The cryptocurrency sector in Japan is undergoing big changes right now. With regulators cracking down on this industry, some companies will face a tough time in the weeks ahead. For FSHO, a local Bitcoin exchange, its registration process has been deemed unsafe by regulatory authorities and thus the future for the company looks bleak.
Curtain Call for FSHO
For those unaware of the cryptocurrency situation in Japan, exchanges operating within the island nation now need to be registered with the FSA. In doing so, these companies essentially indicate that they aim to comply with the set regulatory guidelines and obtain a license which allows them to trade cryptocurrencies in an official capacity. While many companies are currently undergoing this process, there are a few other operators that have decided not to pursue this option for the time being.
For FSHO, the company had every intent on complying with Japanese regulations and obtaining a cryptocurrency exchange license. Despite filing with the local FSA in this regard, it seems the company will have its application rejected. That is an unusual development, as it is the very first time the FSA has refused a company to operate as an exchange.
According to the Financial Services Agency, this decision arose due to the FSHO lacking the ‘necessary systems’ to operate its business. Additionally, one has to keep in mind that FSHO faced a suspension order earlier this year with the order highlighting how the company wasn’t sufficiently verifying the identity of its customers.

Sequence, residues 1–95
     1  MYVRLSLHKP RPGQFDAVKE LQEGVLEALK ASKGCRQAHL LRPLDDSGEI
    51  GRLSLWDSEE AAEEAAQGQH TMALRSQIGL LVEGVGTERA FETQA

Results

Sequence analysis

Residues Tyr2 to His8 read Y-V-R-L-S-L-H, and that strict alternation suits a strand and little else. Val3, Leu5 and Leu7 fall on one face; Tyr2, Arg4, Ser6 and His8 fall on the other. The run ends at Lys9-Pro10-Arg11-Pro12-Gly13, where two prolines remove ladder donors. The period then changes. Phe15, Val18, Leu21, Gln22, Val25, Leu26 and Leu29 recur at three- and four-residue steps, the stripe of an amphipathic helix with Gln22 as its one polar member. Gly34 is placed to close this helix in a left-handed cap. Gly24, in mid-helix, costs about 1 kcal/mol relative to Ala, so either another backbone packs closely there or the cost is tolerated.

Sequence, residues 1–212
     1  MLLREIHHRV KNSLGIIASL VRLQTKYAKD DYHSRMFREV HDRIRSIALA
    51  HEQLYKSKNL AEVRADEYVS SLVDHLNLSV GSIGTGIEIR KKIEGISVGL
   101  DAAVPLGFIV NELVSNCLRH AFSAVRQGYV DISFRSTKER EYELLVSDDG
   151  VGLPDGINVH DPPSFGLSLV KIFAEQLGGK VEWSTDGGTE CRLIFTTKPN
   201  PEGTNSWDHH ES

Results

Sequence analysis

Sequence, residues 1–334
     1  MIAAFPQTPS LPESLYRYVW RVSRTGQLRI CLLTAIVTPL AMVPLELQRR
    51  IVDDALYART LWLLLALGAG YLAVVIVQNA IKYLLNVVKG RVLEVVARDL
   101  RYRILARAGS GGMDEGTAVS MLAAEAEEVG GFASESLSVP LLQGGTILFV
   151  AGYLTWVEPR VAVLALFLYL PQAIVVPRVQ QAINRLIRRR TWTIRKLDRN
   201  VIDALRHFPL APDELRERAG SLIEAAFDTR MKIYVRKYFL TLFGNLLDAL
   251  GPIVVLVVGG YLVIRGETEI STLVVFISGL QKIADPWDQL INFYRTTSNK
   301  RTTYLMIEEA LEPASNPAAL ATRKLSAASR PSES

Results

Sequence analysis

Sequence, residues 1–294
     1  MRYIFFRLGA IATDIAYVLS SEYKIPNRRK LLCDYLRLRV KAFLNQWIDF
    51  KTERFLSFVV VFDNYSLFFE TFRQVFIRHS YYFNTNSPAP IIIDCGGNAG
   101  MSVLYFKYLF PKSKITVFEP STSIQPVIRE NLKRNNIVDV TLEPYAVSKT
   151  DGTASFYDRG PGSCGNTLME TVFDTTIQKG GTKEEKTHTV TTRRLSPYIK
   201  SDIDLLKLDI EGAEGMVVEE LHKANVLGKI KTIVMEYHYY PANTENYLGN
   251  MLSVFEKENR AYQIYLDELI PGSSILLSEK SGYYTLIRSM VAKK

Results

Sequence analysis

Performing proper KYC and AML procedures for cryptocurrency exchanges have become mandatory all over the world and Japan is no exception in this regard. For FSHO, it meant that they had a limited amount of time to properly upgrade their internal systems, something they failed to do so.
Other Platforms to Follow?
While it is the first time the FSA has officially rejected a cryptocurrency exchange, it may not necessarily be the last time either. For FSHO, the company will be shut down completely by June 7th and it is still unclear if operators will pursue other options to continue offering their exchange services.
With other companies still awaiting their licenses in Japan, it is very much possible that some companies may be forced to seek traction elsewhere.